They want strong undertaking now from the Myanmar government and the international community about the restoration of their citizenship, right to free movement and access to health, education , livelihood and the most important thing- their security and safety in homeland. luntary repatriation agreement is problematic for four reasons. Firstly, Myanmar does not seem to have the political will to take back Rohingya refugees. It had agreed to sign the repatriation agreement simply under diplomatic pressure. Secondly, Rakhine is nowhere near safe for the Rohingya to return home. Anti-Muslim sentiment is deeply entrenched in the state. Thirdly, Myanmar is taking back people only if they are able to prove their residence and finally, there is still uncertainty on what extent is the United Nations High Commissioner for Refugees (UNHCR) going to involved in the repatriation process.
This is the second attempt to begin repatriation, after a first effort in November failed when none of the 2,000 Rohingya approved for return agreed to go back to Myanmar voluntarily.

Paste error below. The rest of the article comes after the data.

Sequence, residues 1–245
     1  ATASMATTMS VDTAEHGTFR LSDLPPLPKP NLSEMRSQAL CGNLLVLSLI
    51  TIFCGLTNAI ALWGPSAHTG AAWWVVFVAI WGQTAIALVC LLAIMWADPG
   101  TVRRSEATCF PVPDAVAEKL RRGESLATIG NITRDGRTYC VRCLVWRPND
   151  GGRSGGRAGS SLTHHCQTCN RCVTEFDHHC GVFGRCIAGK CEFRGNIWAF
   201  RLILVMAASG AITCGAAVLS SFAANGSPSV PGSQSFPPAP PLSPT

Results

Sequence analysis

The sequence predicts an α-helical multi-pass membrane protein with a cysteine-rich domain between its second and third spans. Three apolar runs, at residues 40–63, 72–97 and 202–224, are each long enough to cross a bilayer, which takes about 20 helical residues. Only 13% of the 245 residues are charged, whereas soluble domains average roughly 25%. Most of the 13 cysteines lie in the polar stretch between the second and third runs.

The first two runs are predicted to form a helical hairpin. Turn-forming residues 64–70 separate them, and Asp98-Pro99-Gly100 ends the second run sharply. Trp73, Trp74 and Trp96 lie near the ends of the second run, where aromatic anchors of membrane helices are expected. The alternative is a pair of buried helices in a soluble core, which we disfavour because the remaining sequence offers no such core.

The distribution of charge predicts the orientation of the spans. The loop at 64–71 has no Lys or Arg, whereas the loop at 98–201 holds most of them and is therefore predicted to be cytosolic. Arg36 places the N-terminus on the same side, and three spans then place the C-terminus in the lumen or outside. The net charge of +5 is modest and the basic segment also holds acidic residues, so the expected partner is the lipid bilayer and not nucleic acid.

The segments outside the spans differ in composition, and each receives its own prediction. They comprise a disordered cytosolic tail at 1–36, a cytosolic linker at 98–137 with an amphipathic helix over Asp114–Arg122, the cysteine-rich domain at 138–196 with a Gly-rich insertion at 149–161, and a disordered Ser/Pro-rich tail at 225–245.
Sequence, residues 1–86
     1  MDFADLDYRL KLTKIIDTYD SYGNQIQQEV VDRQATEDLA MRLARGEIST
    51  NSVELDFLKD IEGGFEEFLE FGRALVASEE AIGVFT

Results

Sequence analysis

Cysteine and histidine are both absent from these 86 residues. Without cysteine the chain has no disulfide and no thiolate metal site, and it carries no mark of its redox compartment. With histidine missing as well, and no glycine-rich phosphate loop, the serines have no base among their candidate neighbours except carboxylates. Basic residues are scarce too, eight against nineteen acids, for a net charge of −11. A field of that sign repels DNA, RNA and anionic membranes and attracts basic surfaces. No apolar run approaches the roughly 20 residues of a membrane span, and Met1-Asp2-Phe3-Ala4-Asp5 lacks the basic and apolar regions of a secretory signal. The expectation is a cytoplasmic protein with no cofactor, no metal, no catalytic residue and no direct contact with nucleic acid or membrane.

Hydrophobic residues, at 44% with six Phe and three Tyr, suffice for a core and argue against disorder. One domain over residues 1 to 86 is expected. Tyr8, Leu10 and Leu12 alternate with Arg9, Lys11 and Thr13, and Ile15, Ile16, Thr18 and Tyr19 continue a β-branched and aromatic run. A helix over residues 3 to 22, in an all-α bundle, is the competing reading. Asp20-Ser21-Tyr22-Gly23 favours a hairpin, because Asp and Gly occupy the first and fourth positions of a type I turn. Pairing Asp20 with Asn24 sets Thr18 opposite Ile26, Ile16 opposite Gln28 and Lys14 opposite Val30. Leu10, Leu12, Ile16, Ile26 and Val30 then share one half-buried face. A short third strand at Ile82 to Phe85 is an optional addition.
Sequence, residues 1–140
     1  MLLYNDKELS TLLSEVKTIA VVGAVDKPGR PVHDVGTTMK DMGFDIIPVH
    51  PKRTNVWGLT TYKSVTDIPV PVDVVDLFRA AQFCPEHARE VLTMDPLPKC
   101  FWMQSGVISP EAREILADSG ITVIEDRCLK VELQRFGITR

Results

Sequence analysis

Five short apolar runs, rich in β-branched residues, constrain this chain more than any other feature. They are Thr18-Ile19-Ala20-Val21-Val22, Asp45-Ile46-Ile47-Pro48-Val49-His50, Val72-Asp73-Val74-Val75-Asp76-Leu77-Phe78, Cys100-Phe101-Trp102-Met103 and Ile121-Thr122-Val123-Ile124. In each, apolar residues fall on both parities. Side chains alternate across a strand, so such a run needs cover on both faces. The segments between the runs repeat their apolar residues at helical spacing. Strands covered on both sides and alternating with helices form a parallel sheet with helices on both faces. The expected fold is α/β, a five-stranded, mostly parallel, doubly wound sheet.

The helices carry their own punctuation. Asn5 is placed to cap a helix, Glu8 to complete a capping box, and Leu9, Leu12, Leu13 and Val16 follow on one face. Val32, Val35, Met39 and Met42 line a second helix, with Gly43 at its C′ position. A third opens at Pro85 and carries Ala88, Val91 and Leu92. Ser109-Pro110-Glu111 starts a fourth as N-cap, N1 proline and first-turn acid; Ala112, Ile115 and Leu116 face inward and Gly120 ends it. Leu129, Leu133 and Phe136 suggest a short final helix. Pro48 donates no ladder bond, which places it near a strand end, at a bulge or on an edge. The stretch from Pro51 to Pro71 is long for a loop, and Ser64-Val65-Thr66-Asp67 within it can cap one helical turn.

A document prepared by UN agency UNHCR to be sent to the Rohingya community to inform them of the repatriation plan said: “The Government of Myanmar has confirmed that 3,450 Rohingya refugees are eligible to return. This is a welcome first step as it acknowledges that your right to return is recognized.”
Caroline Gluck, a spokeswoman for the U.N. High Commissioner for Refugees, told The Associated Press that the Bangladesh government has asked for its help in verifying 3,450 people who signed up for voluntary repatriation. She said the list was whittled down from 22,000 names that Bangladesh had sent to Myanmar for verification.
Leaders of the Rohingya refugee community in the camps said they had not been consulted on the matter and were unaware of plans for any imminent return.